An 8-step process for developing a horse manure management plan: Part 7 – Odor management
Need to develop a horse manure management plan? Follow this 8 article series that discusses the components of developing a horse manure management plan.
As we continue through this 8 article series, we cannot forget the obvious that manure can produce odors. Understanding why manure smells, appropriate manure spreading times, and tips for success, will help any horse owner be a good neighbor and an excellent manager of manure!
Odor Management: why does manure smell?
So, what is it about manure that produces an unpleasant odor? In a previous article titled, "What factors influence the odors in manure", we can determine five different measurements and characteristics that contribute to the odor of horse manure:
- Concentration – Identified by the odor detection threshold (ODT); volume of non-odorous air divided by the volume of odorous air
- Intensity – the strength of an odor
- Persistence – how easily a full-strength odor is diluted below the ODT
- Hedonic Tone – the pleasant/unpleasantness of an odor
- Character Descriptor – the type of odor detected (floral, fruity, earthy, fishy, etc.)
Based on the characteristics and measures of odor within manure, it makes spreading manure on fields that much more important.
Odor Management: when should I spread manure?
While there is the option to spread manure any time throughout the year (though, not recommended during winter months), there are opportune times to spread and times that should be avoided if possible.
Good times to spread manure:
- In the morning when warm air rises and carries odors up away from the ground
- Breezy, cooler day as this disperses odors unlike warm, humid days intensify odors
- Helps to spread in the morning once everyone has left for work
- Incorporate manure within 48 hours (unless applied to alfalfa)
- Spring and late Fall as long as field and weather conditions permit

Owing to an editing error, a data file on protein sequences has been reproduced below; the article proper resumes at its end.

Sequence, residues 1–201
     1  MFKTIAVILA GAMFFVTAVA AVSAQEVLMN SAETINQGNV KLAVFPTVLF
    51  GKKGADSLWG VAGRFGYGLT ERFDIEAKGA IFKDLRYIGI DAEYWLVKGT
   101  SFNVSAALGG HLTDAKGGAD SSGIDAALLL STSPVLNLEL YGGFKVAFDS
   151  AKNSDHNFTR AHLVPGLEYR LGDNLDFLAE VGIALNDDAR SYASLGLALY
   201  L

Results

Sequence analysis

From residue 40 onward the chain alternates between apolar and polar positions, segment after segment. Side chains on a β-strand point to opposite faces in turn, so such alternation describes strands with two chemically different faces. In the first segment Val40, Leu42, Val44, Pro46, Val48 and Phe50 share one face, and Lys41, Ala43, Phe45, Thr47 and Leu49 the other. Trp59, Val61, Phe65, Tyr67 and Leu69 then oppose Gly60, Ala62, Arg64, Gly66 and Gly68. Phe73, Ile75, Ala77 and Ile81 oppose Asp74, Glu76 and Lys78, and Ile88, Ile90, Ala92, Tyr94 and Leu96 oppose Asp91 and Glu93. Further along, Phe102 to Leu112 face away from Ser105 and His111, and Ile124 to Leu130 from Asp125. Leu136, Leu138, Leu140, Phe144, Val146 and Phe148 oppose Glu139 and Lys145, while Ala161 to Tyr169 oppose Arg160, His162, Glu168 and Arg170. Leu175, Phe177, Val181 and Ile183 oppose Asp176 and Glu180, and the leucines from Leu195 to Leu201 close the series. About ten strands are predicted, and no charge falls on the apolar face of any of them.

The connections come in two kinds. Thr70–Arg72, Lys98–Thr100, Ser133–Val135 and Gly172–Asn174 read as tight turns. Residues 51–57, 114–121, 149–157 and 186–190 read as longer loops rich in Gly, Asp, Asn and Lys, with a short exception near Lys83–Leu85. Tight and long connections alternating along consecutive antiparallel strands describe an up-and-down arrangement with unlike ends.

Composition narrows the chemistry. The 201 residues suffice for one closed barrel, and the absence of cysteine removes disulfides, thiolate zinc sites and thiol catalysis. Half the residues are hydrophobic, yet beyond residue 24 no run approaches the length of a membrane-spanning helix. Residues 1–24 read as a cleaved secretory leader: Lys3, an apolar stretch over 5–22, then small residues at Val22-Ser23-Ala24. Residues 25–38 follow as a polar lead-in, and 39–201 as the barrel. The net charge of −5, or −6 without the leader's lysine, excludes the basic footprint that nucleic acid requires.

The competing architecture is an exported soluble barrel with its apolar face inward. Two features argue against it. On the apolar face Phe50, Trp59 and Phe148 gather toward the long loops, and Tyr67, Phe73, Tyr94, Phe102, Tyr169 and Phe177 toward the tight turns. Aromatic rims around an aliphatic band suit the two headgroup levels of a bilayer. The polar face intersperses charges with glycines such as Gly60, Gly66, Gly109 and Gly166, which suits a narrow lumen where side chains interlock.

Times to avoid spreading manure:
- If wind is strong towards residential areas
- Weekends and holidays when the potential is increased for people to be home or having larger gatherings
Odor Management: keys to success
Along with appropriate manure application timing, there are a few other tips to ensure good standing with others in your community:
- Good neighbor relationships – this can make all the difference (let them know if you plan to spread)
- Studies have shown that neighbors who knew a producer tended to notice less odor when spreading manure (Penn State AN SC 418 Nutrient Management. Odor: generation and dispersion perception detection and measurement PA Act 38 odor regulations BMP review. 2016)
- Debris management – people sometimes smell with their eyes, so having a clean and aesthetically pleasing area, may help with odor issues
- Take advantage of vegetation barriers like trees or woodlots (or put some in place) around fields where you spread manure and/or store manure
Odor Management: what do the Manure Management and Utilization GAAMPs say?
The 2018 Manure Management and Utilization GAAMPs encourage the following practices related to odor management of manure:
- If building a new facility for horses or a manure storage, try not to locate in close proximity to neighbors
- Remove manure for stalls and paddocks into appropriate storage (locate away from neighbors as well)
- If stockpiling manure, consider a cover (tarp, straw, etc.), or a covered dry stack storage
- Composting can help reduce odors if done properly
- Fly control – reducing odor will help maintain positive neighbor relationships
It is important to plan ahead and consider how the odor from manure has the potential to be a nuisance. By following some or all of these practices, the odor of manure can be effectively managed, making you a star in your community and a place that everyone wants to visit!
In the last article of this Developing a horse manure management plan series – Part 8, the focus will be on emergency spill response and what to do in the event of a manure spill.
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